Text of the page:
4) Operations and Maintenance Expenditure ("Maintenance Capex")
The key contribution of IBM's Big Data capabilities to the project is in the ground-breaking application of analytic techniques for studying "unstructured data"; since the quality, format and detail of data sources (primarily water agencies) varies enormously, and previously would have made it prohibitively complex to examine in any systematic fashion. Indeed, one of the staunchest barriers to better analysis of the world's water resources has been that water agencies around the world have not systematized their data and consolidated it for macro-scale study. This is the key challenge surmounted by IBM's computing algorithms for helping construct the WCI.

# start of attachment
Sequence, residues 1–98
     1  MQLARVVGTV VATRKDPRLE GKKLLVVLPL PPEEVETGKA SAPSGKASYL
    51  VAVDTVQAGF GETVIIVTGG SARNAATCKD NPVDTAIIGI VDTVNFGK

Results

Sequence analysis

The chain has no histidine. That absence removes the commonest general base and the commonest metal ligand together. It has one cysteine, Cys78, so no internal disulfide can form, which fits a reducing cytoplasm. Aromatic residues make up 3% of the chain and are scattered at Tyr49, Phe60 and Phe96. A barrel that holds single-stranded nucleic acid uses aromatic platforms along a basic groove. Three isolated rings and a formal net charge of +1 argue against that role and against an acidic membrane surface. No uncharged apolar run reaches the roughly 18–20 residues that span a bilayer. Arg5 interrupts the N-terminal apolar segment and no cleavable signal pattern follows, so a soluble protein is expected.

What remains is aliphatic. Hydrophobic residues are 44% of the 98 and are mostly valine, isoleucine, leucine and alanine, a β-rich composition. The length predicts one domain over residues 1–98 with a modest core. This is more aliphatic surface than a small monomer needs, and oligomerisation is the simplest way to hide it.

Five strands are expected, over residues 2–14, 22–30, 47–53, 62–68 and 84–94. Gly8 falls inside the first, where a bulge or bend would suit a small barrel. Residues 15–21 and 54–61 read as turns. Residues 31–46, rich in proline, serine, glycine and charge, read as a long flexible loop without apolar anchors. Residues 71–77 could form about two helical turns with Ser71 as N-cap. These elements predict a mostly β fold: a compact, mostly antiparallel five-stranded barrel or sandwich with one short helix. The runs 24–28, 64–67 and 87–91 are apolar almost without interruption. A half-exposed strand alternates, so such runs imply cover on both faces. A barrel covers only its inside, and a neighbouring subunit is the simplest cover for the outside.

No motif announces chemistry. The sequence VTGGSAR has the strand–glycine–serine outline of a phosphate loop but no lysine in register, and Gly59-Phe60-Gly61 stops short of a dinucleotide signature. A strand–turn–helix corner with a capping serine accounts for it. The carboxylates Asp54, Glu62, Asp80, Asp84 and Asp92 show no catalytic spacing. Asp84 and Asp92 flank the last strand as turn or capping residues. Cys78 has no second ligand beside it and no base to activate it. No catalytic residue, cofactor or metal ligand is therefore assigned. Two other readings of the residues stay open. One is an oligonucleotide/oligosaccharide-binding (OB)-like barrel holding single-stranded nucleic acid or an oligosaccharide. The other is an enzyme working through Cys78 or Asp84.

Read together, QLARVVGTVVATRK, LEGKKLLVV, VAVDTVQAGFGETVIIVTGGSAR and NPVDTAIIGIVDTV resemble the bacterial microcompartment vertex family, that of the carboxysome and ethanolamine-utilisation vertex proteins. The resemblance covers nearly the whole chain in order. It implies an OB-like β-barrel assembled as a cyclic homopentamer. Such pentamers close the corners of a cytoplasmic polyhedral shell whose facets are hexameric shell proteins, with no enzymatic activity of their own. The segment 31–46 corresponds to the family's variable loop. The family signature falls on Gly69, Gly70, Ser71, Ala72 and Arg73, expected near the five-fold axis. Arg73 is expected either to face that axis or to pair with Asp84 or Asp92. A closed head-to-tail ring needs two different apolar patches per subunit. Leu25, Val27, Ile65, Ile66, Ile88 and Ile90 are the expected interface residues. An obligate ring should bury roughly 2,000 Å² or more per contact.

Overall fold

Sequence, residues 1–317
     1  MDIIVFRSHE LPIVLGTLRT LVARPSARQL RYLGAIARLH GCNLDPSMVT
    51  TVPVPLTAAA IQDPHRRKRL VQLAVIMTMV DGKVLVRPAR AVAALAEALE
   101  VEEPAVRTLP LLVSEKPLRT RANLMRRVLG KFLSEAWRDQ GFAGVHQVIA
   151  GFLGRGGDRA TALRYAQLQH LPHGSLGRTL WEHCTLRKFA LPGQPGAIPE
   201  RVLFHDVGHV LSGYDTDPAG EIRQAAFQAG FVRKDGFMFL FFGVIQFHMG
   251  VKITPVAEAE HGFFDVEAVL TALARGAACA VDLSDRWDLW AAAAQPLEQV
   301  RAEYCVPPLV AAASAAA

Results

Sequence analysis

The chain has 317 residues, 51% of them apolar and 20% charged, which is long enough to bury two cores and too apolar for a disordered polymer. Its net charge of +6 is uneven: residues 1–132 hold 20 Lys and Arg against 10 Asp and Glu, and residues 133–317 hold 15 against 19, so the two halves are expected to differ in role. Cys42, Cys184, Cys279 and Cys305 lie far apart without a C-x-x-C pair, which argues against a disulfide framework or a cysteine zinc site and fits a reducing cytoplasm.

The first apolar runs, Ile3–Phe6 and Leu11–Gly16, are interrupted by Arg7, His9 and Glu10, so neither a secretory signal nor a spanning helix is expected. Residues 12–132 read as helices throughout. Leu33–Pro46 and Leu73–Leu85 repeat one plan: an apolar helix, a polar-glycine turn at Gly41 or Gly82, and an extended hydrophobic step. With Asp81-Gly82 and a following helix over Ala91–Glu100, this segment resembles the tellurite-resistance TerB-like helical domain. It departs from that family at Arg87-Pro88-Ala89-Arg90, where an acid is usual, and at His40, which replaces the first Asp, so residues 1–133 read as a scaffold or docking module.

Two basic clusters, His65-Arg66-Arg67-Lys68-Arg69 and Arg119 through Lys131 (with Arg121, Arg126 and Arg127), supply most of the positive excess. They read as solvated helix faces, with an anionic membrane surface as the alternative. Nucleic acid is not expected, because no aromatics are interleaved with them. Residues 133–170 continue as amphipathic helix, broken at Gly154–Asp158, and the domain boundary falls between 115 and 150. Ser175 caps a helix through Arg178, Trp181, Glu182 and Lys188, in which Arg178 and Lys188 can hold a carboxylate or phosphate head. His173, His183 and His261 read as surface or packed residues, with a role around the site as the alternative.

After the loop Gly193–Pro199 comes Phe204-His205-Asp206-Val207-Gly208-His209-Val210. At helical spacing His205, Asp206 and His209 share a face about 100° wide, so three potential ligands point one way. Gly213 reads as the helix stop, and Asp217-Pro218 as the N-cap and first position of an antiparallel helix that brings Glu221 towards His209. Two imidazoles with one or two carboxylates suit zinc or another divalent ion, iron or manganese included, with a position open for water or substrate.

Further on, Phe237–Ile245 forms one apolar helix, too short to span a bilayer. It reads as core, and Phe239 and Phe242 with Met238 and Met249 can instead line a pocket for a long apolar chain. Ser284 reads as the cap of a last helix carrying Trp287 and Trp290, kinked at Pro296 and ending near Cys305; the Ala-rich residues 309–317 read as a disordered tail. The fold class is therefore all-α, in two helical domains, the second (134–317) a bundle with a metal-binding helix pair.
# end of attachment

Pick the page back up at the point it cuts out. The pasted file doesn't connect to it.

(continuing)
The Water Cost Index will assess the cost of provision for one unit of "finished water" in that it will encompass the entirety of the value chain underlying end-user consumption. In essence, the index will provide a risk benchmark for quantifying the financial aspects of engaging in water-infrastructure projects, which is why its applications are far-reaching and diverse, including: setting water rates, adjusting water tariffs, calculating risk profiles, devising hedging instruments, underwriting new infrastructure projects, and performing a variety of other financial analyses.